As we’ve seen, it’s very important to consider inflation when planning your retirement. Underestimate its effects, and you may find that you don’t have enough money to fund your retirement or have to delay your retirement date. For this reason, it’s essential to regularly check how much your pension, other assets and investments are worth.

If you’d like more help with your retirement planning, we strongly recommend getting advice from one of our expert advisers. Our advisers use specialised systems, such as cashflow modelling, which can help you formulate a plan with the aim of achieving the retirement lifestyle you want. To find out more, give our team a call on 01603 967967.

Please note, the value of investments and any income from them can go down as well as up and you might not get back the original amount invested. The past is not a guide to the future.

None of the information in this article represents a recommendation about the income you may receive in retirement.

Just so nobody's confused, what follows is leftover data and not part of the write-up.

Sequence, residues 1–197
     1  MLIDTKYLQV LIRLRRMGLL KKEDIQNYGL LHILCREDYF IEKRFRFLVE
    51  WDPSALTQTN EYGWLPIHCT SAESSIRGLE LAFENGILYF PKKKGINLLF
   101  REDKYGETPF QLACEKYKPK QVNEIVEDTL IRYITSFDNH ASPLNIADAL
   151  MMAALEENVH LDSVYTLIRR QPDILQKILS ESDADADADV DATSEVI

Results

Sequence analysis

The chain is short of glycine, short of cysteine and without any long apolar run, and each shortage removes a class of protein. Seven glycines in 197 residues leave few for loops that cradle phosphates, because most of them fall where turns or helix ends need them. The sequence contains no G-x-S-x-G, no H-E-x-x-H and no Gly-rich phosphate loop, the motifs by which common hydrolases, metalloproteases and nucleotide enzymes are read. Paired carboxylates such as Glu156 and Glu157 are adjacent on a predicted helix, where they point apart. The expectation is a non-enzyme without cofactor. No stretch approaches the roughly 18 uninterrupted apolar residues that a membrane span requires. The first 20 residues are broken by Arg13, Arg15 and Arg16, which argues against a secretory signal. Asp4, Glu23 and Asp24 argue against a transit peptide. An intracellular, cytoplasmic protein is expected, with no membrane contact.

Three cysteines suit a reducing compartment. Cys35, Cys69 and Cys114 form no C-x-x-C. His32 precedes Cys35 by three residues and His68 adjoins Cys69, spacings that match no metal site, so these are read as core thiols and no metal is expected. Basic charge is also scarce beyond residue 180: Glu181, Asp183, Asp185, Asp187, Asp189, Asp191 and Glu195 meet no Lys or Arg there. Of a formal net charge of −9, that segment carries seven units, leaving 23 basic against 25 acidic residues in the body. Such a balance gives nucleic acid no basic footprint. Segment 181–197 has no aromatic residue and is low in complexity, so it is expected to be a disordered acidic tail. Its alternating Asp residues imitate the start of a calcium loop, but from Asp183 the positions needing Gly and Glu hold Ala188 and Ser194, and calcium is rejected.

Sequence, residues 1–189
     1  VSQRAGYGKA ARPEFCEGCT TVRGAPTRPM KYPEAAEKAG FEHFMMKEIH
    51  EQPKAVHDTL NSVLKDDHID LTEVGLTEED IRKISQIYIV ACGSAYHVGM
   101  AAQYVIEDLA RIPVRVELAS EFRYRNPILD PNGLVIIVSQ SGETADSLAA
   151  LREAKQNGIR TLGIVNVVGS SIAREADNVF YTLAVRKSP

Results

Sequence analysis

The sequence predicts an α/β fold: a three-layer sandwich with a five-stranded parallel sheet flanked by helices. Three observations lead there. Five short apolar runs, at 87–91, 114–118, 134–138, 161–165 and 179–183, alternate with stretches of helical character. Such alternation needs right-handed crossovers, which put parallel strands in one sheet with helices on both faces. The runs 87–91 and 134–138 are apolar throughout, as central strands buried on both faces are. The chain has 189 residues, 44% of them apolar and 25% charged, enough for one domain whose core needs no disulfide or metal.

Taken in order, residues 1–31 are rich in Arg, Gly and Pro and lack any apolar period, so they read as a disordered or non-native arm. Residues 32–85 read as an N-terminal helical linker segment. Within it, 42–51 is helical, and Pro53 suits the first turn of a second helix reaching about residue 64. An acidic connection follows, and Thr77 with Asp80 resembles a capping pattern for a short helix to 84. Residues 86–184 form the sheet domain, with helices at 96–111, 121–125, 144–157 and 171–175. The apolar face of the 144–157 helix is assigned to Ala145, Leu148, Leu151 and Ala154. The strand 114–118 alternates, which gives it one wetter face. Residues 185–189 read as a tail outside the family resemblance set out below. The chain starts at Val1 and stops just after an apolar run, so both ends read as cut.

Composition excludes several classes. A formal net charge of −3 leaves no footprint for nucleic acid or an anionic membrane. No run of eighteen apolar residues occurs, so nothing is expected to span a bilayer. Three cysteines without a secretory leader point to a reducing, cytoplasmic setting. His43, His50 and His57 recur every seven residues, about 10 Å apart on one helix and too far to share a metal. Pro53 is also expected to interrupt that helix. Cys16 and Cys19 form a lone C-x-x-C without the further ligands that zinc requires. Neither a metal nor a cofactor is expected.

What happens to pensions when inflation is high?

High inflation is generally bad for pensions. Pensions with fixed annuities face a reduction in real purchasing power as the cost of living rises. Defined benefit pension schemes may encounter increased obligations to provide inflation-linked increases, affecting their financial sustainability. Pension fund investments, including those managed by private and workplace schemes, may face challenges in generating returns that outpace inflation. Although the UK’s state pension is subject to the “triple lock” mechanism, this becomes politically contentious at a time of high inflation, and it’s not guaranteed to remain in future.


What is the formula for calculating inflation?

The most commonly used formula for calculating inflation is the Consumer Price Index (CPI), which measures the average change over time in the prices consumers pay for a basket of consumer goods and services. You can find out about the formulas used to calculate CPI on the Bank of England’s website.


How much will you need to retire with inflation?

This really depends on the lifestyle you want to enjoy during retirement. For more help with this, see our article How much do I need to retire?


Is high inflation good for pensioners?

On the whole, no. High inflation can devalue income, investments, pension pots and savings. One positive may be that assets such as stocks or property can outpace inflation, but this is far from guaranteed.

Related products: Retirement Income Solutions Personal Pensions